pposter - An advertisement, generally printed on a large piece of paper, which is posted on a wall in a public place. A poster may or may not be intentionally produced to become an art commodity as well as an advertisement (ephemera).

A printed reproduction of a two-dimensional work of art should not be called a poster unless it's intended to be an advertisement.

Examples of posters:

Listed chronologically by artist's birth year


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see thumbnail to rightNathaniel Currier (American, 1813-1888), Grand National Democratic Banner, 1844, hand-colored lithograph, 11 3/4 x 8 3/8 inches, National Portrait Gallery, Washington, DC. Promoting James K. Polk for president, George M. Dallas for vice-president.





see thumbnail to leftLouis John Rhead (American, 1857-1926) for The New York Sun, Read the Sun, 1895, color lithograph, 46 13/16 x 29 inches (118.9 x 73.7 cm), Metropolitan Museum of Art, NY.





see thumbnail to rightAdolphe Crespin (Belgium, 1859-1944), Poster for ’Paul Hankar, Architect’, 1897, color lithograph, 15 1/2 x 11 1/8 inches (40 x 29 cm), Los Angeles County Museum of Art. See architect and pattern.




see thumbnail to leftThéophile Alexandre Steinlen (French, 1859-1923), Chat Noir, color lithograph, a poster advertising an event at the Chat Noir, a Paris cabaret from 1881 to 1897. See Art Nouveau.





see thumbnail to rightHenri de Toulouse-Lautrec (French, 1864-1901), Divan Japonais, 1893, color lithograph, complete: 31 5/8 x 23 7/8 inches (80.3 x 60.7 cm), Museum of Modern Art, NY. This poster advertises a cabaret in Montmartre, Paris. In the center sits the famous cancan dancer Jane Avril, whose elegant black silhouette dominates the scene. Lithographed posters proliferated during the 1890s due to technical advances in color printing and the relaxation of laws restricting the placement of posters. Dance halls, café-concerts, and festive street life invigorated nighttime activities. Toulouse-Lautrec's brilliant posters, made as advertisements, captured the vibrant appeal of the prosperous Belle Époque. See Art Nouveau, and a page about Toulouse-Lautrec and Post-Impressionism.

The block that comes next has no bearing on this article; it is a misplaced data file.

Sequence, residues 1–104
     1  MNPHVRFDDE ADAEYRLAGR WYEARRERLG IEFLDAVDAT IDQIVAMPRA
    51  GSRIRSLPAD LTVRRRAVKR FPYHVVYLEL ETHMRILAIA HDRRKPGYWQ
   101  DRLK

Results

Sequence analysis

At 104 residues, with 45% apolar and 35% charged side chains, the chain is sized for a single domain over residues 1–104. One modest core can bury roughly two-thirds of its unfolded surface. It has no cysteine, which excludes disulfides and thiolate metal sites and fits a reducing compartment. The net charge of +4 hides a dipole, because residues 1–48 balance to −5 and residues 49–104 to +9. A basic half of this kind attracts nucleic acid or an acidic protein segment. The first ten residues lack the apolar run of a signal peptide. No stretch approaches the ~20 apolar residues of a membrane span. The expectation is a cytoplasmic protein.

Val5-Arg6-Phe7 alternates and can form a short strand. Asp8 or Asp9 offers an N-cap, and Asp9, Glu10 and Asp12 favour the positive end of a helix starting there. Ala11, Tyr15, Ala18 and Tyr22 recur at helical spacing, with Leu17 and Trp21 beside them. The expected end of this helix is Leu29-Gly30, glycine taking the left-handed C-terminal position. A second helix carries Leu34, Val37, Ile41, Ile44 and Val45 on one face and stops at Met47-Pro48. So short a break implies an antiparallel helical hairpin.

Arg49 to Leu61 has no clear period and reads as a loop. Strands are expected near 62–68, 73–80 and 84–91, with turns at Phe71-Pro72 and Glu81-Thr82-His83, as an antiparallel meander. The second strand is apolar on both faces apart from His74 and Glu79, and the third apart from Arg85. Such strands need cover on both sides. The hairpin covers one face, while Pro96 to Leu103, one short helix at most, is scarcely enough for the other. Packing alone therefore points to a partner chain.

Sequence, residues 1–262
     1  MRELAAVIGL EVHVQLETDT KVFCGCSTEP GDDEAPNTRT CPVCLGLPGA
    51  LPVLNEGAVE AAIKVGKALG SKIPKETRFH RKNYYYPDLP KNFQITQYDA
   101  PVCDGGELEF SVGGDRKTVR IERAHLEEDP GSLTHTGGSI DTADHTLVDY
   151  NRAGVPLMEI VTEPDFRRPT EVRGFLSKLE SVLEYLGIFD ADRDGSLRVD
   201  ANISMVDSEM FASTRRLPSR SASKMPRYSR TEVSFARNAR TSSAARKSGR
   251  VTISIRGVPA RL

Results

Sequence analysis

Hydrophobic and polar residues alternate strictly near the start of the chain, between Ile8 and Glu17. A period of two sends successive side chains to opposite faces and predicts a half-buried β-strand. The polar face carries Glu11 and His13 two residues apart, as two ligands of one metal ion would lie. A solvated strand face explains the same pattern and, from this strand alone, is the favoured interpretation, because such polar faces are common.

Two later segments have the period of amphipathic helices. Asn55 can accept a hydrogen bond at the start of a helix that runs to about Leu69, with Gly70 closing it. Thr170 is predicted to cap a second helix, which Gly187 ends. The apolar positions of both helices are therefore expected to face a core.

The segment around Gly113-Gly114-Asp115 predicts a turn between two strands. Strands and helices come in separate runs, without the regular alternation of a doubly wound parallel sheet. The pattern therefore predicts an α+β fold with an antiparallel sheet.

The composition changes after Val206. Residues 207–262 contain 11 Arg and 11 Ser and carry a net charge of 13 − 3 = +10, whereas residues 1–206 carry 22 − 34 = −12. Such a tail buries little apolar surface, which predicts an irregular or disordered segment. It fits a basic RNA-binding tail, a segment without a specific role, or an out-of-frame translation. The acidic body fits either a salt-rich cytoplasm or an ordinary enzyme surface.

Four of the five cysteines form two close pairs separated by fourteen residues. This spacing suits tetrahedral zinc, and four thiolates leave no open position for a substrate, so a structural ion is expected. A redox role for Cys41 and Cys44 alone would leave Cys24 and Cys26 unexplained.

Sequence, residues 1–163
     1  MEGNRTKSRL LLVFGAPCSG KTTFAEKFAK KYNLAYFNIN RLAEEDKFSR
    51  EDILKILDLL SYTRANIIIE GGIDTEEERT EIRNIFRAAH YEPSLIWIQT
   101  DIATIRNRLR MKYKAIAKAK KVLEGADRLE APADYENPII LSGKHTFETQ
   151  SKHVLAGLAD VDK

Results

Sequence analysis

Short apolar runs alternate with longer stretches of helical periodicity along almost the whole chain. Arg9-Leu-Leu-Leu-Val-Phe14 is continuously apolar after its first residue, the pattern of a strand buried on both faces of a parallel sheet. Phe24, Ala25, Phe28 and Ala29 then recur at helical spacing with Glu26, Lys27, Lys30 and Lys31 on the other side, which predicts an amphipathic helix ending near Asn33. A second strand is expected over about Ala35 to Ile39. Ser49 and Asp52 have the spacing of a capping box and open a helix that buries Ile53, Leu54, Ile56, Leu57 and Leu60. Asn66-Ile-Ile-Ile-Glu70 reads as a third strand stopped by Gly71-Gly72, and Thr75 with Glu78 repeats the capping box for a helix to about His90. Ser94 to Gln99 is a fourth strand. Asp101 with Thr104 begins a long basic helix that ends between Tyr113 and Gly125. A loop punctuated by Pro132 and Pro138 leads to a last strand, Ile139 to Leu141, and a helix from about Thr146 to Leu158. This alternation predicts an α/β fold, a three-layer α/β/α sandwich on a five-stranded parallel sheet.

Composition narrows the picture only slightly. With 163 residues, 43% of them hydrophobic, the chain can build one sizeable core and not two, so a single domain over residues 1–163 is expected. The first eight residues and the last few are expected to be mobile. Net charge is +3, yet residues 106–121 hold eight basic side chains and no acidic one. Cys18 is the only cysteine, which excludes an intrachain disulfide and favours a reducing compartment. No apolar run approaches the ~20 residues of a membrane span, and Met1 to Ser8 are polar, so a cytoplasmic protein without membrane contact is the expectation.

see thumbnail to leftWilliam H. Bradley (American, 1868-1962) for Stone & Kimball (Chicago), The Chap Book: Thanksgiving Number, 1895, color lithograph, 19 5/8 x 18 7/8 inches (49.9 x 33.8 cm), Baltimore Museum of Art. See Art Nouveau.






see thumbnail to rightWilliam H. Bradley, Narcoti Chemical Co. (Springfield, Massachusetts), Narcoti-Cure, 1895, color lithograph, 20 x 13 1/2 inches (50 x 34 cm), Baltimore Museum of Art. The product advertised here was promoted as a cure for the cigarette smoking habit, although the curative value of using a narcotic to do it remains suspect.





see thumbnail to leftMaxfield Parrish (American, 1870-1966) for The Century Co. (New York), printed by the Thomas & Wylie Lithographic Co., The Century Midsummer Holiday Number, 1897, color lithograph, 47.1 x 30.6 cm (18 9/16 x 12 inches), Delaware Art Museum.